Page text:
Sunday, May 15, 2011

Published This Day: The Recipe For Primordial Soup

In 1953, Stanley L. Miller's paper on the synthesis of amino acids under conditions that simulated primitive Earth's atmosphere was published in Science.

Miller is an American chemist who made a series of famous experiments beginning in 1953, to determine the possible origin of life from inorganic chemicals on the primeval earth.

He passed electrical discharges (simulating thunderstorms) through mixtures of reducing gases, such as hydrogen, ammonia, methane and water, that were believed to have formed the earliest atmosphere.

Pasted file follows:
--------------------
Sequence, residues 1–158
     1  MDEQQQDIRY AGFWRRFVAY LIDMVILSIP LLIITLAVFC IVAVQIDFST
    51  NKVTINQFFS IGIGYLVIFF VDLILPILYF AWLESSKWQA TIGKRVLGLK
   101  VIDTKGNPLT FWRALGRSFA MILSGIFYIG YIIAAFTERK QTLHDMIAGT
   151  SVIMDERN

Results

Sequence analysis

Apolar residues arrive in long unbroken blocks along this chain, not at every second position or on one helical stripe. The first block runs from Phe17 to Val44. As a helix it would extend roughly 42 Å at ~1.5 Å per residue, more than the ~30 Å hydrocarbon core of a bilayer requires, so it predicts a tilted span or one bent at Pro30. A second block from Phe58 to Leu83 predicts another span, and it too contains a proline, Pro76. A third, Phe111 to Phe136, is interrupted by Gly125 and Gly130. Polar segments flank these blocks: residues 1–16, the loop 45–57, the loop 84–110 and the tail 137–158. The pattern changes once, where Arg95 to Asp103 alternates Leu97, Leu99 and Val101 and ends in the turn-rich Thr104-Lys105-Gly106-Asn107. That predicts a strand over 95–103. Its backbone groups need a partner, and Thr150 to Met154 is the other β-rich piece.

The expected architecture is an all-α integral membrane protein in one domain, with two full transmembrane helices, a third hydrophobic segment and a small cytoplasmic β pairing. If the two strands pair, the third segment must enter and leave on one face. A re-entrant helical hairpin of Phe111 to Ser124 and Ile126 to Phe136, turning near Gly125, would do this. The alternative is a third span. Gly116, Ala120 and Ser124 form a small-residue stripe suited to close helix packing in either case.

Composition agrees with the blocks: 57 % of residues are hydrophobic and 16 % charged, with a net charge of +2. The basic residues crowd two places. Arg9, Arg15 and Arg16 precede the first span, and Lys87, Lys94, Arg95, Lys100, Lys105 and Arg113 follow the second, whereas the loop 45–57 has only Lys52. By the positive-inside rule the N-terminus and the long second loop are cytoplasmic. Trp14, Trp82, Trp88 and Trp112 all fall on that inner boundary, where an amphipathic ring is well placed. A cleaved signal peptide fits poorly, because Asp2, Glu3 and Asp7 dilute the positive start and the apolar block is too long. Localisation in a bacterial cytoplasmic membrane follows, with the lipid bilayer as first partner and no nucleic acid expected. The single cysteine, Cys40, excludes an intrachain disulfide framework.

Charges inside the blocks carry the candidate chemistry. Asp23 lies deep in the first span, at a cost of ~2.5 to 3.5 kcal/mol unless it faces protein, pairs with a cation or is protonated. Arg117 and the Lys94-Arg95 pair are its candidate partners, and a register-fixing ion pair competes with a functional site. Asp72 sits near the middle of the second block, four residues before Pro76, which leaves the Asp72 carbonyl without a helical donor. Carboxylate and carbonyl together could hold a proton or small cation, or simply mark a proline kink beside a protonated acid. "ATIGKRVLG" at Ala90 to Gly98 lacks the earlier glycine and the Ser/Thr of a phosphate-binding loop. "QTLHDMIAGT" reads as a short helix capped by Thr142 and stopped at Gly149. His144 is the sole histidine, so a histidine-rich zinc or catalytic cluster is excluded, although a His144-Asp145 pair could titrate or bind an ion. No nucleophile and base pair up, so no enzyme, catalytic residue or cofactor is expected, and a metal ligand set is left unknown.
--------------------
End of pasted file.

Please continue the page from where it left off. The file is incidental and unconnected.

An analysis days later showed that the resulting chemicals included glycine and alanine, the simplest amino acids & the basic building blocks of proteins. Other compounds included urea, aldehydes and carboxylic acids. Thus, a "primeval soup" is the currently accepted most plausible explanation, though incomplete, of the origin of the complex organic molecules of life. From Today in Science History.